No movie series epitomizes the Hollywood sequel machine and the “Law of Diminishing Returns” more than the Jaws series. In 1975 Steven Spielberg unleashed a summer blockbuster that terrified audiences around the world with his seminal film Jaws, then in 1987 they attempted to scare us with “Just when you thought it was safe to go back in the water” in Jaws 2, then adding a new dimension in terror we got Jaws 3D which married a moronic script with some of the worst special effects ever put to screen, and finally we got Jaws: The Revenge a film whose premise was beyond laughable, a movie so bad that it’s one of the few to have ever achieved 0% on Rotten Tomatoes.
With the disaster that was Jaws 3D it’s not surprising that for Jaws: The Revenge the studio would pretend that film never happened. No longer is the older Brody kid an engineer building water parks, now Michael Brody (Lance Guest) is a marine biologist working on his doctorate by studying the migration habits of sea snails. In Jaws 3D the youngest Brody went to school in Colorado to get as far away from the water as possible, but now Sean Brody (Mitchell Anderson) is following in his late father’s footsteps and works for the Amity Island police department. The movie opens with a horrific shark attack on Sean when he is sent out to clear a log that had jammed up against a channel marker. The scene is so poorly edited, with many cuts lasting less than an eighth of a second, that you can’t really tell what’s going on and clearly done to hide how shitty looking the shark looks.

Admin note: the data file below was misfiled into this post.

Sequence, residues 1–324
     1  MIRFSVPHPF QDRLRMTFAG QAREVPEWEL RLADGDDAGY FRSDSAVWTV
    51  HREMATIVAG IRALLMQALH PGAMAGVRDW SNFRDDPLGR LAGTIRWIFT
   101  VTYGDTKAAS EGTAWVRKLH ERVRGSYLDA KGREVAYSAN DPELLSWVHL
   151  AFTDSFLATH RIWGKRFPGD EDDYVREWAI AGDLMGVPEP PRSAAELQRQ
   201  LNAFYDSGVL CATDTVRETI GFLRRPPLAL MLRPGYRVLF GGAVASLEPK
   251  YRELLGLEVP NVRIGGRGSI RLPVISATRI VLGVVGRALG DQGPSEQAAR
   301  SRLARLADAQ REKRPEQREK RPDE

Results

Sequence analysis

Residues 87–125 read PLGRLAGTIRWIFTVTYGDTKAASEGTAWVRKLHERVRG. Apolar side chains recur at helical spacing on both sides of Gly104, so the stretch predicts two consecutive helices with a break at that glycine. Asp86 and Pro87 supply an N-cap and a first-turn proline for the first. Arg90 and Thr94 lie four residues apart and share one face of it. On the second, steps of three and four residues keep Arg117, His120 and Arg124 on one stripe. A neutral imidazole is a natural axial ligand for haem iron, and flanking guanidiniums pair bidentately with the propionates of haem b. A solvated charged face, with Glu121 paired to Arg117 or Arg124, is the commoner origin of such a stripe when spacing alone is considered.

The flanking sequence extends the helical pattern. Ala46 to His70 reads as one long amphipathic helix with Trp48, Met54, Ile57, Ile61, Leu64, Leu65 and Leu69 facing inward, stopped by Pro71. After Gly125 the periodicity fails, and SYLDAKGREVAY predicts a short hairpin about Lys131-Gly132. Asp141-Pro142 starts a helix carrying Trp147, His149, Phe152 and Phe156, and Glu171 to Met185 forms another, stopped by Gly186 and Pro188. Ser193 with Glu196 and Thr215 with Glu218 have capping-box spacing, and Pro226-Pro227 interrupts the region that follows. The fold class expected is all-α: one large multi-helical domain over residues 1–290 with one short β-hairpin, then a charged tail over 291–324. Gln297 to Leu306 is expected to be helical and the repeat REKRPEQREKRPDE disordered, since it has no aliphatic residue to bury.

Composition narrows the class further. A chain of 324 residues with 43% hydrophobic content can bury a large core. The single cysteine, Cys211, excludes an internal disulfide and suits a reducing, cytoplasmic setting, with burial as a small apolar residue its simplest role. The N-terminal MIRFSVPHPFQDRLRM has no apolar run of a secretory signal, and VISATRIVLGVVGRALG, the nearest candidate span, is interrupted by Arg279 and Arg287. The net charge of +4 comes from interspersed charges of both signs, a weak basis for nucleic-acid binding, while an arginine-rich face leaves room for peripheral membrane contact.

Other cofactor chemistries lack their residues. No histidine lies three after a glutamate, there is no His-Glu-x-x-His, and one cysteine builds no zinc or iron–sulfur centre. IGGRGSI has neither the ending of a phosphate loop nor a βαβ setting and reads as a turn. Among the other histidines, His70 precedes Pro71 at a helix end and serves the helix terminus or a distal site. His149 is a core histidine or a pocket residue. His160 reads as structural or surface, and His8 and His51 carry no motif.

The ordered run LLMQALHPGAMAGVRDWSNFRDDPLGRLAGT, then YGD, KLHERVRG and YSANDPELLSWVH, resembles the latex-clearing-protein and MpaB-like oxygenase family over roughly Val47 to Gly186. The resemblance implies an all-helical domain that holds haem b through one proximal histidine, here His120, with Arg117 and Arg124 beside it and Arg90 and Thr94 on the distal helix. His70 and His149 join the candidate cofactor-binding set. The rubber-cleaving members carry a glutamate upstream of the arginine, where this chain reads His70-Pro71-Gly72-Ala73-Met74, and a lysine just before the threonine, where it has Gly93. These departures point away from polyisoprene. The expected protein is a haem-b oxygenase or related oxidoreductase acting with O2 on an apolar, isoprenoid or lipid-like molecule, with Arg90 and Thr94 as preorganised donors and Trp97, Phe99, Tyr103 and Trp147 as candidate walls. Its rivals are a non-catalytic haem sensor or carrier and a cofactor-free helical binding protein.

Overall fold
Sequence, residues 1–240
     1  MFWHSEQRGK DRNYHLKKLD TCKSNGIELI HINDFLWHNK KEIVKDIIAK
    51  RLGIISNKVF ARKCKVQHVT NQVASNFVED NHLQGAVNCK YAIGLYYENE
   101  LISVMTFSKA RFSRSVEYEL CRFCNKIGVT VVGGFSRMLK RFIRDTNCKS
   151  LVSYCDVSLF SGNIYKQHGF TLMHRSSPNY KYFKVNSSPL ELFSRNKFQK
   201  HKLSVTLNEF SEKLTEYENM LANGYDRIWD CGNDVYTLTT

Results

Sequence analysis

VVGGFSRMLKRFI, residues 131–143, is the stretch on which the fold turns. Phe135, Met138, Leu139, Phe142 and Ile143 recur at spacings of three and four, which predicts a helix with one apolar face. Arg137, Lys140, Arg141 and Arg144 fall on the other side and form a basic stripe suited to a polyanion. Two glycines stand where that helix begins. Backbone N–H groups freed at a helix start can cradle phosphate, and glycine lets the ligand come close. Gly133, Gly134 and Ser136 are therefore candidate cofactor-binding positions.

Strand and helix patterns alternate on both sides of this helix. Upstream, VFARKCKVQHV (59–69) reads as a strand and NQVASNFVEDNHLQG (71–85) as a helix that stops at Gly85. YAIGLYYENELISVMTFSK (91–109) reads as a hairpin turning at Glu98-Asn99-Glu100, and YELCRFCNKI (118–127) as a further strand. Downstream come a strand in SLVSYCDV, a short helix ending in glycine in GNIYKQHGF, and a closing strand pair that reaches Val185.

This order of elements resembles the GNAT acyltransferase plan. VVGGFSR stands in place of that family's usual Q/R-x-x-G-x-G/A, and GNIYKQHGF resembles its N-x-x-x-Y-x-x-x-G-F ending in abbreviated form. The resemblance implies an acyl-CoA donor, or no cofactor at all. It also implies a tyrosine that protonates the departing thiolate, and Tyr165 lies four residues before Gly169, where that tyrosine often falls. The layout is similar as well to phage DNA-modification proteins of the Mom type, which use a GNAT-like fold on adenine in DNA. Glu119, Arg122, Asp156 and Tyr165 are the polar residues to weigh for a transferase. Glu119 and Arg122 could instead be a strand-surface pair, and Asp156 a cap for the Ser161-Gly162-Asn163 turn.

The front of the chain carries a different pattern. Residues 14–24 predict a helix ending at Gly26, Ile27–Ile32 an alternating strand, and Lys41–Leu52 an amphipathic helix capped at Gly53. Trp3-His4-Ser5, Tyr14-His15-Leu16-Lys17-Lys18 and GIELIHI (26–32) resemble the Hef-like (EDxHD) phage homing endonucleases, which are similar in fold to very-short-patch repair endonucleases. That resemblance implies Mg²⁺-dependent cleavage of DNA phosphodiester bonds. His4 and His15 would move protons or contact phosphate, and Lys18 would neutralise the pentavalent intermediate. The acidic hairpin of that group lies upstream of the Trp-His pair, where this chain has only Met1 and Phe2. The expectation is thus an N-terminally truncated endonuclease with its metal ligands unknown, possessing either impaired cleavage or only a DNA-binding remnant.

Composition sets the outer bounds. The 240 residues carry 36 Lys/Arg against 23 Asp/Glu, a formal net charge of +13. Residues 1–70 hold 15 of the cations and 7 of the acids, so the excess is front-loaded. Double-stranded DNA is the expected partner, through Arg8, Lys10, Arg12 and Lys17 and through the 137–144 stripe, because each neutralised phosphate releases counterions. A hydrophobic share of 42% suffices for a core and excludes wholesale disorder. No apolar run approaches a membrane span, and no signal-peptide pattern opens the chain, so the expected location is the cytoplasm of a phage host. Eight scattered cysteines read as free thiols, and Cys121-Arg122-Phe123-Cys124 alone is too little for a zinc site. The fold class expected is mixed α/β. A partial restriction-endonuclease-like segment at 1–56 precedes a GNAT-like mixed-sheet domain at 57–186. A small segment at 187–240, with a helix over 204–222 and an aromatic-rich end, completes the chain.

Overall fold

It’s with the death of Sean that the film’s tag line of “This time it’s personal” comes into play as Ellen Brody (Lorraine Gary) is sure the shark is targeting her family. Back in Jaws 2 Martin Brody (Roy Scheider) asked an expert if a shark could have heard about the death of one of their own and come seeking revenge, and he was told, “Sharks don’t take things personally, Mister Brody.” So what evidence does Ellen Brody have to refute this? Well according to her the shark had killed her husband and now one of her sons. How could one possible rebut that piece of scientific correlation? When Michael points out that his dad died of a heart attack she responds with, “He died from fear. The fear of it killed him.” This has me imagining that over the years the shark was constantly phoning up Martin Brody and breathing heavily on the line.
Ellen demands that Michael quit his job and no longer work in the water. Being that Michael is a marine biologist this is a pretty crazy demand, but later when we see how Michael actually does his job I’d say she may have been on to something. He kind of sucks. He does try to reassure her that Great White Sharks do not like warm water, so he is completely safe in the waters of the Bahamas, and he even invites her to come and stay with him and his wife and kid for Christmas. She reluctantly agrees, and then over the course of the picture she is proven right.
Note: This is the world’s fastest shark as it traveled approximately 1,250 miles from Amity Island to the Bahamas in less than three days. Unless this shark is different than the one that killed Sean and that the Brody’s are on some kind of ocean wide “Kill List” among sharks.
It’s while working with his partner Jake (Mario Van Peebles), in their attempts to get their doctorate studying sea snails, that they encounter the latest shark menace. Jake immediately wants to abandon their current research for the sexier work of studying a Great White Shark. That they are working on government supplied grant money doesn’t seem to bother him, and Michael goes along with this only stipulating to Jake that, “You can’t tell my mom about the shark.” Let’s take a moment to unpack this.
• Michael has just returned from a funeral for a brother who had just been eaten by a shark.